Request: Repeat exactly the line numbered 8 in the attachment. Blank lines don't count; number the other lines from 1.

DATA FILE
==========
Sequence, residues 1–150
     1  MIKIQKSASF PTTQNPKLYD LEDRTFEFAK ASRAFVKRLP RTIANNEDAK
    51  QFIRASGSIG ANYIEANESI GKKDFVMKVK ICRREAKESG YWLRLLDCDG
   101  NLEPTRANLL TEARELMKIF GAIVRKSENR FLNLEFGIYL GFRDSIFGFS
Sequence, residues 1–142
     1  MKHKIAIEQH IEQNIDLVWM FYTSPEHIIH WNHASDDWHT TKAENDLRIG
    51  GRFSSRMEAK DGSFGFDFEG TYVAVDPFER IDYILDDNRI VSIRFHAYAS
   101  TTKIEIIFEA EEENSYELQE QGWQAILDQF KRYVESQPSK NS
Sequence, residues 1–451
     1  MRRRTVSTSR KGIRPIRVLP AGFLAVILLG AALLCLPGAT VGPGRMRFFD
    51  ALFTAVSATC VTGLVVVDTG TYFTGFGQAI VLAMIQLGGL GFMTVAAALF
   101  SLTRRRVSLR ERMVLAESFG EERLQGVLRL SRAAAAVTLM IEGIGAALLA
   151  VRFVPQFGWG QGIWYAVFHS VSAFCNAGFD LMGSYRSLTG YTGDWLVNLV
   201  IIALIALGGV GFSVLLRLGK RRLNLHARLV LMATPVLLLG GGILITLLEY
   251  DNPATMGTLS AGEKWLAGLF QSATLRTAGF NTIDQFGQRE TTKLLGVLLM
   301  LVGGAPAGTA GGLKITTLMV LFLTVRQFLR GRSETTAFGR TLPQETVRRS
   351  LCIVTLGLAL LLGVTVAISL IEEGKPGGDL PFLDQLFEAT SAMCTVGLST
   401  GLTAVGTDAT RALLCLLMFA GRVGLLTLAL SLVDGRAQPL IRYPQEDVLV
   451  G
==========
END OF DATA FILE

   101  TTKIEIIFEA EEENSYELQE QGWQAILDQF KRYVESQPSK NS